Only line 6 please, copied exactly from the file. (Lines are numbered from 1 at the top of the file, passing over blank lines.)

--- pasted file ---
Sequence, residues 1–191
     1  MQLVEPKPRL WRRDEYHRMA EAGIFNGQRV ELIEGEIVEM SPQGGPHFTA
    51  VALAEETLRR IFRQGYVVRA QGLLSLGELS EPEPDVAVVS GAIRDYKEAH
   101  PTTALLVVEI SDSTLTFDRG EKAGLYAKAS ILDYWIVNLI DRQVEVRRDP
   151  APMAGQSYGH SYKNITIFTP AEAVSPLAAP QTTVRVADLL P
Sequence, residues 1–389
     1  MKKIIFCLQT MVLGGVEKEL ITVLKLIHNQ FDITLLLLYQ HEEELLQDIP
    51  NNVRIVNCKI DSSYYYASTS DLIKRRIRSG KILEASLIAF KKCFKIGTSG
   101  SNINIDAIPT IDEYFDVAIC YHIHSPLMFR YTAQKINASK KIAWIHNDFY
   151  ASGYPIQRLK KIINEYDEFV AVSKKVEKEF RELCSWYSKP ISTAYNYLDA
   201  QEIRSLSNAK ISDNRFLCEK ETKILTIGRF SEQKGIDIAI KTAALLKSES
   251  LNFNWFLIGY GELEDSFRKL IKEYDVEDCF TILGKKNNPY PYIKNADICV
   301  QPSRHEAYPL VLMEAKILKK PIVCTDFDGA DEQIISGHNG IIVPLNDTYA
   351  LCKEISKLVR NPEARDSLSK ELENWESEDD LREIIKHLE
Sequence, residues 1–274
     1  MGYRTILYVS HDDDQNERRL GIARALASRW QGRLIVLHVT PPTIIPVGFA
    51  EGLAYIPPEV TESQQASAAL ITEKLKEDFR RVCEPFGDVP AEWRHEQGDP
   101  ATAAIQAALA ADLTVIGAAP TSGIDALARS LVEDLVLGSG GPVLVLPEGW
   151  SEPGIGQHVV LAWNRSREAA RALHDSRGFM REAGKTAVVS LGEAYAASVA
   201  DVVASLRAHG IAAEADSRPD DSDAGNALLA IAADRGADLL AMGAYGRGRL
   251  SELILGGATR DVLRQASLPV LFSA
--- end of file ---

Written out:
Sequence, residues 1–389